By Sunny Lewis

ANN ARBOR, Michigan, October 11, 2012 (ENS) – All 36 cell phones torn apart in a new study to identify which phones are the most toxic, tested positive for chemical hazards such as lead and mercury.

The study was conducted to persuade phone manufacturers to reduce the toxic burden of their e-waste on the environment.

Americans discard 130 million cell phones every year and most end up in landfills or incinerators – only eight percent are recycled safely.

When unwanted cell phones are landfilled, chemicals leach into groundwater; when they are incinerated, toxics contaminate the air.

Some states ban electronics from landfills and incinerators, but 32 states have no such ban.

cell phone test

Researchers tore apart 36 cell phones from 10 manufacturers – all contained toxic chemicals. (Photo courtesy HealthyStuff.org)

To learn more about chemicals in cell phones, researchers at the nonprofit Ecology Center disassembled 36 phones from 10 manufacturers and determined the chemical composition of all interior and exterior components using X-ray fluorescence spectrometry.

They analyzed 1,105 samples for 35 chemical compounds and elements, including lead, bromine, chlorine, mercury and cadmium.

“Even the best phones from our study are still loaded with chemical hazards,” said Jeff Gearhart, research director at the Ecology Center and founder of HealthyStuff.org, the Ann Arbor-based nonprofit group that released the test results.

“These chemicals, which are linked to birth defects, impaired learning and other serious health problems, have been found in soils at levels 10 to 100 times higher than background levels at e-waste recycling sites in China,” said Gearhart.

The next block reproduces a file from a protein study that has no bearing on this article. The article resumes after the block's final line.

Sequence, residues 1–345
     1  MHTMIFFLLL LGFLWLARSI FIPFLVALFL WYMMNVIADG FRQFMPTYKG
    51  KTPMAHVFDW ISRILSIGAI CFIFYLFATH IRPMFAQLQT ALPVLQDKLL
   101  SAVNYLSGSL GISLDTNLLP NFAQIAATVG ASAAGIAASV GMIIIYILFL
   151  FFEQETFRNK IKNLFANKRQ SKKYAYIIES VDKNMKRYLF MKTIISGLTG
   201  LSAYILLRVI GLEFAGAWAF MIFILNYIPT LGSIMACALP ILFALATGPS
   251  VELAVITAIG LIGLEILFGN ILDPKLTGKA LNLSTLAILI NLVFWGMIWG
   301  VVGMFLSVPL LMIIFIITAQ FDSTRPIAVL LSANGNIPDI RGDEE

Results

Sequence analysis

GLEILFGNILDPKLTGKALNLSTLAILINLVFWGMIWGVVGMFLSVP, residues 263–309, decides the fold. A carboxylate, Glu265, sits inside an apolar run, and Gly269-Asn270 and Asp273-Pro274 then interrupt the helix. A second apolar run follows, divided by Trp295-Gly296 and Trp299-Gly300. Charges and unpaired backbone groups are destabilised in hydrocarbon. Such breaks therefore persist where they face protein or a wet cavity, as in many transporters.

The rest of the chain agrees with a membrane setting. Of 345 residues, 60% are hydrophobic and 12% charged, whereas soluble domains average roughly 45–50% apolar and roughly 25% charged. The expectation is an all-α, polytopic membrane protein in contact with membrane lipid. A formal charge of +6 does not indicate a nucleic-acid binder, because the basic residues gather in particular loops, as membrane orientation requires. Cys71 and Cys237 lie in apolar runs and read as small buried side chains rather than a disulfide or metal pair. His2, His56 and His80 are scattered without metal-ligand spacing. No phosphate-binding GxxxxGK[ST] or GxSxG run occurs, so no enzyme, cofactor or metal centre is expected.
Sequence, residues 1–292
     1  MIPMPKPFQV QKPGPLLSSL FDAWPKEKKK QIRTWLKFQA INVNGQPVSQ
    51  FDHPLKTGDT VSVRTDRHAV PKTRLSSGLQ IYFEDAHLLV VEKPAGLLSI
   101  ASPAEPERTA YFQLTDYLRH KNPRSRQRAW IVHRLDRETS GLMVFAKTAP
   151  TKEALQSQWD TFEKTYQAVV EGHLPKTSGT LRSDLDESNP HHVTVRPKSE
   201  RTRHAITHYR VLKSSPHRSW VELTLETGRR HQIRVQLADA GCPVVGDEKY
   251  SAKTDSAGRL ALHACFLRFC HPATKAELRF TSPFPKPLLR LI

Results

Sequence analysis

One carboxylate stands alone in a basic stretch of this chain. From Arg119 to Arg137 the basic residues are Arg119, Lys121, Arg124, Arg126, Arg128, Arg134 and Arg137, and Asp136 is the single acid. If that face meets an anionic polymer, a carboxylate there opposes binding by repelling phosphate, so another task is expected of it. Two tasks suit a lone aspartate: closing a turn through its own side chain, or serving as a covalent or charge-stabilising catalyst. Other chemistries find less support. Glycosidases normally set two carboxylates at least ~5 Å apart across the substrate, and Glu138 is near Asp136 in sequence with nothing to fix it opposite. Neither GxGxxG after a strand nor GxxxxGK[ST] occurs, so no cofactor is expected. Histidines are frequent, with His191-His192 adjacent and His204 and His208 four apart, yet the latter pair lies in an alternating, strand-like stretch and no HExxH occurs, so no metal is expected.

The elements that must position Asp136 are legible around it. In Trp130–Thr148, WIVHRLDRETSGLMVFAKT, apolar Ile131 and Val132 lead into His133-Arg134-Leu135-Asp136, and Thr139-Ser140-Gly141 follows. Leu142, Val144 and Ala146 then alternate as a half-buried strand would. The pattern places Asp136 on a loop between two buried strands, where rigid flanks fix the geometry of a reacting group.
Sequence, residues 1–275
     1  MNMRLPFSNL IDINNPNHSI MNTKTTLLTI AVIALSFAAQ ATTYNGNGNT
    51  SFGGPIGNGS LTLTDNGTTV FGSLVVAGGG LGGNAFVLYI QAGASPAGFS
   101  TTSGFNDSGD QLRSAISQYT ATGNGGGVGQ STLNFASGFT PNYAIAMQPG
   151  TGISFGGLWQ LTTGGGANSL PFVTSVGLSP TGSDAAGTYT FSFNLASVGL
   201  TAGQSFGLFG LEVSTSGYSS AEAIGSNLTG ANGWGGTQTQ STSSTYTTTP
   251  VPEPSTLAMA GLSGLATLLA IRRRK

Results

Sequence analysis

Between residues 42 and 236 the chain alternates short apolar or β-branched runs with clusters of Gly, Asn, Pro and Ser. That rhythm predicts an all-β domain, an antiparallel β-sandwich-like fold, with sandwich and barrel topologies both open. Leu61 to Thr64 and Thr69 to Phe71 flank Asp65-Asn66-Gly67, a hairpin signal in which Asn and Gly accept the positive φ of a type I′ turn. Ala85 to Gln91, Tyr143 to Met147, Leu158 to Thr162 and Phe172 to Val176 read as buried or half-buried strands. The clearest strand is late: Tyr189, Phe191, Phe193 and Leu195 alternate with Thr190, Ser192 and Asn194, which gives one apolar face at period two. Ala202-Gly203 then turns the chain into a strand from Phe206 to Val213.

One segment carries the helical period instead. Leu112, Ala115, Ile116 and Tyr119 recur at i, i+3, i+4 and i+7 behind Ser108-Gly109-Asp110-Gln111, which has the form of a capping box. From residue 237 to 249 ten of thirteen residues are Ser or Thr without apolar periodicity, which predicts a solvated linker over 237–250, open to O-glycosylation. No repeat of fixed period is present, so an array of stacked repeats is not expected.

“We need better federal regulation of these chemicals, and we need to create incentives for the design of greener consumer electronics.”

Researchers tested phones from: Apple, Hewlett-Packard Development Company, HTC Corporation, Huawei Technologies Co. Ltd, LG Electronics, Motorola, Nokia Corporation, Palm, Research in Motion and Samsung Electronics. Most were made after 2007.

The researchers found that newer phones are better than older ones.

The most toxic phone tested was also the oldest – the Apple iPhone 2G. But Apple products also showed the greatest improvement. The iPhone 2G, introduced in 2007, did rate as the poorest phone tested, but the two most recent Apple phones, the 4S and 5, were among the least toxic.

The Motorola Citrus was ranked the “least toxic phone.” Samsung phones had the best average rating.

Some manufacturers are shifting to safer materials. Newer phones are likely to have less toxic flame retardants, less hazardous resins, mercury-free flat panel displays and arsenic-free glass, and circuit boards free of bromine and chlorine that destroy the ozone layer.

The ranking of cell phones tested for this study is online at: HealthyStuff.org.

Copyright Environment News Service (ENS) 2012. All rights reserved.